No Ring? Let’s Not Go There
Diamonds may be forever, but they’re not for everyone. I’ve never wanted an engagement ring, and especially not a diamond, but I quickly learned that to avoid stepping on toes, I should keep my mouth shut about my reasons.
The ring “issue” is not something I’ve felt comfortable discussing with other women, even with some close friends, because it seems nearly everyone wants one or has one. But once I got engaged, with no sparkly gem on my left hand to show for it, the questions were inevitable. Usually it was a brief glance down and momentary confusion, but occasionally people would ask bluntly, “Where’s your ring?” Not wanting to open a can of worms, I’d just say I never wanted one and change the subject.
Despite my flippant treatment of the question, I didn’t come to the decision lightly. I’ve got serious reasons, and they’re seriously important to me. And frankly, I’m tired of half-lying about them. Consider the boat rocked.
Can’t Buy Me Love.
To espouse that a diamond ring is a symbol of a man’s love is, I think, a justification to get what you want. More often than not, the ring isn’t about the sentiment behind it. It’s about the size and quality of the diamond—and whether it will impress friends, family, and coworkers.
If it weren’t about the diamond, women would be clamoring for moissanite rings. Moissanite is so similar to diamond that when it first came on the market, it fooled most diamond-testing equipment. It outperforms diamond in luster, refraction, and fire, but is one-tenth the price.
We’ve been so conditioned to associate diamonds with romance, however, that nothing else will do. And whether we admit it or not, our society considers the money a man spends on his fiancée’s ring directly proportional to his love for her. An expensive piece of jewelry may be proof that a man is serious enough to blow a wad of cash or put himself in hock, but in my opinion, my husband naming me as his life-insurance beneficiary and contributing to a joint account for a down payment on a home is proof enough that he’s serious.
Ultimately, an engagement ring is nothing but a status symbol—equivalent to chrome spinner rims. If only a diamond came with a side of Prozac, it just might work.
It’s Not a Tradition—It’s a Sales Pitch.
The “tradition” of giving a diamond ring as part of an engagement contract didn’t evolve organically. It was created for one reason: to sell diamonds.
In the late 1930s, a De Beers marketing campaign suggested that men buy their fiancées diamond rings, and spend one-month’s salary doing it (these days the ante has been upped to two month’s salary). De Beers used every trick in the book, from loaning movie stars diamond rings and arranging for fashion editors to discuss diamonds to creating an official-sounding organization (the Diamond Information Center) to release statistics about diamonds to the media. We’ve been manipulated, over seventy-plus years, to want diamond engagement rings.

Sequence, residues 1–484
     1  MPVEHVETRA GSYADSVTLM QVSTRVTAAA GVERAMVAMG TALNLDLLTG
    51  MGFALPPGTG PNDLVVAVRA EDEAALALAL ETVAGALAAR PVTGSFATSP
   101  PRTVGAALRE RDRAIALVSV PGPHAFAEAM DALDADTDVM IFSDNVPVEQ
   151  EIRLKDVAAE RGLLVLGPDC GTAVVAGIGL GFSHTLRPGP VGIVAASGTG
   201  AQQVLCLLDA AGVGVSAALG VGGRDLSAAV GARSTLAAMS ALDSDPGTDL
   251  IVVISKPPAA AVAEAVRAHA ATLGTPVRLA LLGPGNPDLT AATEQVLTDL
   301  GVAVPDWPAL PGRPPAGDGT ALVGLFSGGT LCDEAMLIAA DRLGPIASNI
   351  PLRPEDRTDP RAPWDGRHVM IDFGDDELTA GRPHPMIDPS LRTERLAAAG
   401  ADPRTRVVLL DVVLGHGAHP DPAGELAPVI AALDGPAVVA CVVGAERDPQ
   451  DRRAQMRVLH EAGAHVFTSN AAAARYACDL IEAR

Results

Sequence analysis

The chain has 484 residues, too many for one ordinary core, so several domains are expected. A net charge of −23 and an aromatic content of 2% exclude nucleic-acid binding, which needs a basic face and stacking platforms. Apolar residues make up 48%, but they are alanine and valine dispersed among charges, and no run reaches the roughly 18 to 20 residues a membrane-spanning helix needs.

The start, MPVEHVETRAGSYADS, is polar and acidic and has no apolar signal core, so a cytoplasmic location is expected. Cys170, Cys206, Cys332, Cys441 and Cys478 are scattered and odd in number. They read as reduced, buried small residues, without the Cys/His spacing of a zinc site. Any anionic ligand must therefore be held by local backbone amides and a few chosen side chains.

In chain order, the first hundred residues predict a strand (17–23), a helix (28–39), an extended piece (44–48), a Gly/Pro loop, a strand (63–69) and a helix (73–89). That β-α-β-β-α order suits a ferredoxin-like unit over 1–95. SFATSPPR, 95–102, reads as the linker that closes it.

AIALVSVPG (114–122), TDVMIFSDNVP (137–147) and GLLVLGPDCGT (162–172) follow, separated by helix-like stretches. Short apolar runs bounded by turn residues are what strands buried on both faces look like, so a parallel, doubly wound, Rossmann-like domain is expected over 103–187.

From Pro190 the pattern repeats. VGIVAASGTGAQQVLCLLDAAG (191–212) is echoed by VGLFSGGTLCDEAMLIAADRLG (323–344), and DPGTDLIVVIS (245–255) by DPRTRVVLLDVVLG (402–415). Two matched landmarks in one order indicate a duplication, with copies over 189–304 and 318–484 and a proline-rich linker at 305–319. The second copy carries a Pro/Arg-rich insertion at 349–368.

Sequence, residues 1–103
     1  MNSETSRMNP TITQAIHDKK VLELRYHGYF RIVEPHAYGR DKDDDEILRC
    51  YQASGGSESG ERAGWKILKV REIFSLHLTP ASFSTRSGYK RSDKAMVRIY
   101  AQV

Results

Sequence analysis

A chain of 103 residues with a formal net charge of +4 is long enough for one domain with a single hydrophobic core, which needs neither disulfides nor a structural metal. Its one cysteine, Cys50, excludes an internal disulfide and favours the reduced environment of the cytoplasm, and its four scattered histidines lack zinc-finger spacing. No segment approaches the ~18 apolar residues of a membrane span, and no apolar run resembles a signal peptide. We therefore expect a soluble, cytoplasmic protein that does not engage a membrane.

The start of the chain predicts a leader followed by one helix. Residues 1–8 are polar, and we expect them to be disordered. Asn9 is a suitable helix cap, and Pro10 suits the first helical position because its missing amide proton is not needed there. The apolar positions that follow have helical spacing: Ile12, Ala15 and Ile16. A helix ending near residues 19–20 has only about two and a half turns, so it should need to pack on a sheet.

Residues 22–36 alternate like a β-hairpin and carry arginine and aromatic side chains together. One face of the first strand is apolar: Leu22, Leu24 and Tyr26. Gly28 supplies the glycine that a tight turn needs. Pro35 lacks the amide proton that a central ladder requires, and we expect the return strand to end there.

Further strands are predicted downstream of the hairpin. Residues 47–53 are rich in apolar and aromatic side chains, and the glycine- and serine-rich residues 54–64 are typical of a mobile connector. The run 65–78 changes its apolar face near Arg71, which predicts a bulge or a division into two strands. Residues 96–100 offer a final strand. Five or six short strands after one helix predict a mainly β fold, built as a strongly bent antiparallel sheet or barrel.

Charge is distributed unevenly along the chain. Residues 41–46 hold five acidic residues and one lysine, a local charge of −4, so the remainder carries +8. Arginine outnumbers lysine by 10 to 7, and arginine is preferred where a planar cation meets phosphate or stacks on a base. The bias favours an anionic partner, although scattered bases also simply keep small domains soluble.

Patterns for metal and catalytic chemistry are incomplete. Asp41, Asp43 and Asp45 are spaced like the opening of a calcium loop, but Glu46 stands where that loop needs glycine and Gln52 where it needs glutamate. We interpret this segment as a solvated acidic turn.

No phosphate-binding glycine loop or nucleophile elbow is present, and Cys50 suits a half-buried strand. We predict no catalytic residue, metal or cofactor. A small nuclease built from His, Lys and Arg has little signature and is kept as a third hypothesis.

There’s Nothing Special About It.
According to the Diamond Information Center, more than 80 percent of engaged women get a diamond ring. Special would be something that’s truly unique and reflects your unique relationship.
They’re a Rip-Off.
We’ve been duped into paying more than diamonds are actually worth. Once upon a time, diamonds were expensive because they were rare. But huge diamond deposits discovered from the late 19th century onward mean that today there are enough for a third of all the women in the world ages 20–39 to get a .25-carat diamond ring, were they all to get engaged in the same year.
Prices remain high only because De Beers, which holds a near-monopoly on the diamond industry, regulates how many gems enter the marketplace, and has convinced consumers that engagement rings are too sentimental to sell. (The slogan “a diamond is forever” was a De Beers invention.)
An engagement ring is a neon sign the screams “taken.” But why doesn’t he wear an engagement ring to proclaim he’s off the market? What’s up with that?
It’s a Messy Business.
Widespread media attention given to conflict diamonds (a.k.a blood diamonds) in the late 1990s, fueled the creation of a certification program, the Kimberly Process, to ensure that diamonds purchased are conflict-free. As yet, the system is far from perfect, with numerous reports of forged documents and smuggling from war-torn regions. As a consumer, it’s hard to know if a diamond you buy is truly conflict-free.
I doubt I’m the only woman on earth who feels this way about engagement rings, and in particular, diamonds. It feels great to get this off my chest, and—at the risk of sounding obnoxiously self-righteous—I think more women should examine their motivations for wanting the ring. If they did, they might realize that it doesn’t sync with their values. And that’s no way to begin a lifelong commitment.